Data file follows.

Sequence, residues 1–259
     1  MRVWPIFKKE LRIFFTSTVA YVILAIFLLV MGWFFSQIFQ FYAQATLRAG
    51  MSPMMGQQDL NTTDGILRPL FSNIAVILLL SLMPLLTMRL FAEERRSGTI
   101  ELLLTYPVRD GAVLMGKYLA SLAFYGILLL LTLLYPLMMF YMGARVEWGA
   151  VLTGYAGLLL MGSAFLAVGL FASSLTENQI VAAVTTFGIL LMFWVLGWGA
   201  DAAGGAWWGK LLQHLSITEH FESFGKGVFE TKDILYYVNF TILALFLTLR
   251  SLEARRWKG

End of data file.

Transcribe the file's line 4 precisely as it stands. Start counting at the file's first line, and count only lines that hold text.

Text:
   101  ELLLTYPVRD GAVLMGKYLA SLAFYGILLL LTLLYPLMMF YMGARVEWGA